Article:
Tuesday, April 12, 2016

2016 Fire-Wise Around the Home and Garden

Here comes the sun. Spring is here in full force and summer will be around the corner shortly. This is your friendly reminder that now is the time to begin assessing your property for fire hazards. Continuously keeping your property manicured and well maintained is an endless, thankless task but is part of the price we pay for living in such an amazing setting. There is never a better time than now to begin plugging away at all of those fire-wise projects that tend to pile up over time.
One of the first jobs of spring is to start cutting back old brush and removing it from around your home and property. Remember that last year’s dead growth is this year’s kindling. Many of our native plants grow from the ground up each season leaving behind a plethora of dried-up sticks, leaves and stems. A hedge trimmer is a great tool for cutting back old, dead growth. This will also allow new growth to flourish. After trimming, the plants look tidier, giving your forest a more manicured and ‘park-like’ appearance….an added bonus.
Next, it is worth walking around your home with an eye out for potential hazards. Trim back any branches that are touching the house or the roofline. Ideally, you will have at least 10 feet of space between larger bushes and trees and your house. Mature trees within 30 feet of your home should be limbed to a height no less than 6 feet off the ground (15 feet is even better!). Also, move any firewood at least 30 feet away from structures whenever possible. Clean away any needles that have accumulated in gutters, roof valleys or along decks and foundations.
Assess the type of landscaping you have installed. Are the plants ‘fire-wise’? Plants that make a good choice for around your home are those that contain succulent leaves or have a low volatile oil or resin content. The Pacific Northwest Extension (a collaboration between Oregon State University, Washington University and the University of Idaho) has a list of plants that are appropriate for fire-wise landscaping. Their brochure can be found for download at https://sjcmastergardeners.files.wordpress.com/2014/05/fireresplants_oregon-list.pdf.
Consider removing ‘beauty bark’ and replacing it with small rocks or river stones. Bark can act as an ignition point for flying embers; a common occurrence during large fire events. Rock is a better landscaping choice around structures.
If installing a new deck, consider materials that are fire resistant. There are several manufactured products available that are both aesthetically pleasing and less combustible than cedar or pine. If you already own a wooden deck, make sure it has been painted or stained. A treated deck is less likely to ignite than one left untreated.
Become familiar with the Zone Concept of property management. Information on creating zones around your home can be found at www.firewise.org . This site also contains a whole host of additional information that can keep you informed and up to date about what you can do as a land owner to minimize your risks during a fire event.
Finally, make it fun! Take this opportunity to get to know your neighbors. Have a discussion about what you can do as a community to work together to protect yourselves and your structures from fire. And remember, fire-wise landscaping is still landscaping. Many choices exist for both plants and hardscape materials that are attractive and functional. Make your yard beautiful while working toward a more fire resistant home. Happy Gardening!

2016 Monitoring Soil Temperature

Over the last few weeks, it has been fun to watch the snow recede back to higher elevations and to see soil present itself once again on the valley floor. My personal Facebook feed is filled with photos of friends who, like busy little bees, are working continuously on planning and planting their future gardens. It is so easy to be taken in by the warm, sunny days of early spring. It makes a gardener antsy to get their hands dirty. We take off our sweatshirts and let our pale skin soak in the warm rays; retiring to the comfort of our house when the sun begins to set and the temperatures again dip down to near-freezing at night.  However, the seeds that we sow outside in this early season do not have the luxury of finding warmer accommodations once the heat of the day dissipates and it is often easy to forget that, even though we are comfortable and warm while working in the yard, the soil in our gardens is often still very cold, damp and unpleasant for seedlings. For this reason, I thought that it would be good to write a brief reminder about the importance of monitoring soil temperature as part of your gardening routine.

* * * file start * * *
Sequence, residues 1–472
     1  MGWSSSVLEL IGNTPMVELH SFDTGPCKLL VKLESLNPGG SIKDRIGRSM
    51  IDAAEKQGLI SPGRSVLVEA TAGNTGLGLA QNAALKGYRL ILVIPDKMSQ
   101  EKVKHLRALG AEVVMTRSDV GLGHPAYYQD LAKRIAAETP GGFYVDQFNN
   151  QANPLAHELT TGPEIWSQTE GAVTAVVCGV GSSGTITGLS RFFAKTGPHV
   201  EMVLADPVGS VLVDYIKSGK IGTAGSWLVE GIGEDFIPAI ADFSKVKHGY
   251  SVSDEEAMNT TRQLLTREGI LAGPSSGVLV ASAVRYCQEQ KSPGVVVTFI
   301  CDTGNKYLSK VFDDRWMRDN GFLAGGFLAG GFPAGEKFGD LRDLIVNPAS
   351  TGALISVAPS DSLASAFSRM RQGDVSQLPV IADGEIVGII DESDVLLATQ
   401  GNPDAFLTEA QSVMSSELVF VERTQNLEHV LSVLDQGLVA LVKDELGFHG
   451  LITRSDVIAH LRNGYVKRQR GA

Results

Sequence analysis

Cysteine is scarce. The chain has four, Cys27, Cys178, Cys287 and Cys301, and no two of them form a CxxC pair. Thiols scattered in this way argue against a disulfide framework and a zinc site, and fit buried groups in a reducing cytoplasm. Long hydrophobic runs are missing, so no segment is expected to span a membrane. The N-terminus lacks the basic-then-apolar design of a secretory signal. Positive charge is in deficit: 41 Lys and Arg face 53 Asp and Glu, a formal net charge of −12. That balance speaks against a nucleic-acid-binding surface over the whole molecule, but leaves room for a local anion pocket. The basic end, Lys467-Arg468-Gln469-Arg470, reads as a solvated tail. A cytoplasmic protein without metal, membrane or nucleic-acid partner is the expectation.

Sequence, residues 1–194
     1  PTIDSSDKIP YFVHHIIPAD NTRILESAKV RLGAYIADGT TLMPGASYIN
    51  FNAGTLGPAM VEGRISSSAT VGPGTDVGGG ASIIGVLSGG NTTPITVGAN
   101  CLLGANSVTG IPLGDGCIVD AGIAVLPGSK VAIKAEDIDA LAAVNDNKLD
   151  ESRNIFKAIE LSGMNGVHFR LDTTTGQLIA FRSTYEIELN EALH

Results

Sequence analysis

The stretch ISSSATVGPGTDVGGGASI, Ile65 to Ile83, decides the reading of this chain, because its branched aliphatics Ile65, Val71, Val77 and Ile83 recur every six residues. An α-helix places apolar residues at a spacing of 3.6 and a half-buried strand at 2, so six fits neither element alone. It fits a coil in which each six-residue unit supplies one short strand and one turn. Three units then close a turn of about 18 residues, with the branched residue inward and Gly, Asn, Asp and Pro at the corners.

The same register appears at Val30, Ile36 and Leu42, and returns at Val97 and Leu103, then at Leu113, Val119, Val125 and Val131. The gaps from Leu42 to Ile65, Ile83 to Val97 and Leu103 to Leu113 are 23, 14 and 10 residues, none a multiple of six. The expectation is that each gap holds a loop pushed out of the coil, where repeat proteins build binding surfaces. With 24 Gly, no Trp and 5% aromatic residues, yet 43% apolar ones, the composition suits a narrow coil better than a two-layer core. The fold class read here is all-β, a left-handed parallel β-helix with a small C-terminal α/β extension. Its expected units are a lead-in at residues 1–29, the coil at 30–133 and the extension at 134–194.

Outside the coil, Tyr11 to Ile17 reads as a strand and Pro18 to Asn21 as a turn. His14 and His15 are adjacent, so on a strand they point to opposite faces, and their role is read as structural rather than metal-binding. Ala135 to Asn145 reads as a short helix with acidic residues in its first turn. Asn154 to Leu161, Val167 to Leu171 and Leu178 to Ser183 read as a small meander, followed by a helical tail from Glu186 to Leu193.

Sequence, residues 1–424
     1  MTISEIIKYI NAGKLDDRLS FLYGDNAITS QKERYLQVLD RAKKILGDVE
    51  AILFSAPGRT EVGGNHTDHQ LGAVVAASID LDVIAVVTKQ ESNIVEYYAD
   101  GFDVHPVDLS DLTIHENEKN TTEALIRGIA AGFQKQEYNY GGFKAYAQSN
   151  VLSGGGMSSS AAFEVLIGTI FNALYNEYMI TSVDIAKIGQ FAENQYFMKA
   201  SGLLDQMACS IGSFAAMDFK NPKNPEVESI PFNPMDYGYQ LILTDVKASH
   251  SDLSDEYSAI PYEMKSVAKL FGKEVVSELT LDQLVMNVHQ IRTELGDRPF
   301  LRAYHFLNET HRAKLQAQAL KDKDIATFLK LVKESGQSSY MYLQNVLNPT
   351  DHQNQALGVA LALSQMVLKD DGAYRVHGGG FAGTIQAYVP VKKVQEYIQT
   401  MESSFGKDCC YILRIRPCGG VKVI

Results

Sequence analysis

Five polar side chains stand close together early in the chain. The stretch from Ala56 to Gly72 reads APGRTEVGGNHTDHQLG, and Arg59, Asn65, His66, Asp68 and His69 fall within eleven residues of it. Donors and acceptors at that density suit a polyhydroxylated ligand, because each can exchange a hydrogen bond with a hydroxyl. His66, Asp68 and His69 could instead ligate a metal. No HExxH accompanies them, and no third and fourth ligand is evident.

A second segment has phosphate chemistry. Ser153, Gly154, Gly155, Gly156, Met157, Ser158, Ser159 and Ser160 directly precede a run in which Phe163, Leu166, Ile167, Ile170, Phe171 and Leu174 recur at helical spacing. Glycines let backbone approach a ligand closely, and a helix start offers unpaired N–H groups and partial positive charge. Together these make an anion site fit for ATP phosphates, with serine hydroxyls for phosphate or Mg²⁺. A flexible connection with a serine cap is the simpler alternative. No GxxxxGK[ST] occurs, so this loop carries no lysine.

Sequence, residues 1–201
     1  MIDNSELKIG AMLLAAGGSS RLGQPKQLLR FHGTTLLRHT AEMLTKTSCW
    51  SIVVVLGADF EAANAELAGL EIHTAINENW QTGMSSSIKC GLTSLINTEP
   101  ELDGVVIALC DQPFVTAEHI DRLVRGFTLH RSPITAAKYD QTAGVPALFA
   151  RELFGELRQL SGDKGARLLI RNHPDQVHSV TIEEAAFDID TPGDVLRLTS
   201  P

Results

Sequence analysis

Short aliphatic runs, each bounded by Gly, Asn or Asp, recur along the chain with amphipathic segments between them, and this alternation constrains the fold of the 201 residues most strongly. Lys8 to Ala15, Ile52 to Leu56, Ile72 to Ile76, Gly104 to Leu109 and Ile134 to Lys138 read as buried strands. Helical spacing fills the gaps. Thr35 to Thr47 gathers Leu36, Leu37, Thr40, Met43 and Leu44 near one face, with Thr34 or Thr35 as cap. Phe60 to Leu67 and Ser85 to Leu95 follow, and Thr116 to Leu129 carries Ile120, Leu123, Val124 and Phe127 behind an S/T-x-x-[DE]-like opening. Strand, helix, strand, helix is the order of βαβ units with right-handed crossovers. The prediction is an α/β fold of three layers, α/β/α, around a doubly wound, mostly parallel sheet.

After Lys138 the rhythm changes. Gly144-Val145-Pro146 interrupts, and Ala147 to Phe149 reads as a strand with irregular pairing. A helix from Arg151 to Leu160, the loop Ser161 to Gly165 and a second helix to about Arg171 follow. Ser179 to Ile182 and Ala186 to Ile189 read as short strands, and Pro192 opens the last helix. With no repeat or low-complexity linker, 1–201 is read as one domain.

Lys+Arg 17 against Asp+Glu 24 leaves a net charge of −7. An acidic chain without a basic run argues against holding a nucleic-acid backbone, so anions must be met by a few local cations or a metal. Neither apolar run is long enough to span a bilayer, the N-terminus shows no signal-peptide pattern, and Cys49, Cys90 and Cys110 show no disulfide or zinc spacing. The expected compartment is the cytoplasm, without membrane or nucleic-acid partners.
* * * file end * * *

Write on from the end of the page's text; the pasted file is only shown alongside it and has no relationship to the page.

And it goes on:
When sowing seed in the spring, a gardener should monitor the temperature on the top 3-4 inches of garden soil. This is the zone where germination and root development will be taking place.  Although most seeds are sown within the top ½ inch of soil, the first 3-4 inches will be were root development occurs. This is also the depth that will start to indicate the overall warming profile of the entire soil column. In the spring, we oftentimes have days where the upper-most layer of dirt will feel warm and comfortable to the touch. However, by digging in just a little deeper, it is easy to feel that the earth below has still not warmed and is holding on to the residual cold of winter.  If we allow our excitement to outweigh our rational thoughts we will oftentimes plant seed a week too early and many of our efforts will be wasted due to fungus, rot, damping off, and poor or delayed germination. For those seedlings that do germinate, their growth can be permanently stunted and will oftentimes be overtaken by seeds planted even a week or two later. Best to practice a little patience and diligently monitor soil temperature before planting.

Checking soil temperature can be incredibly easy to do and does not require special equipment. Although a person can purchase specialized thermometers from garden supply stores, a simple meat thermometer will suffice for probing the upper zones of garden soil. Like probing a turkey during roasting, a gardener only needs to stick the probe end of the thermometer down into the soil and then wait for the instrument to calibrate. With a black sharpie and a ruler, it is possible to make markings in 1” increments on the probe of the thermometer. The thermometer can be moved up or down so that temperature can be measured throughout the 4” column of soil. This time of year, you will see a drastic change between surface temperatures and deeper measurements. Wait until the soil has reached at least 55 degrees Fahrenheit at depth and 60 degrees at the surface before sowing cool weather crops. For warm season crops, the soil profile should be at least 65 degrees Fahrenheit at depth as well as at the surface. This simple technique will help increase your germination and over-all gardening success. Good Luck and Happy Gardening!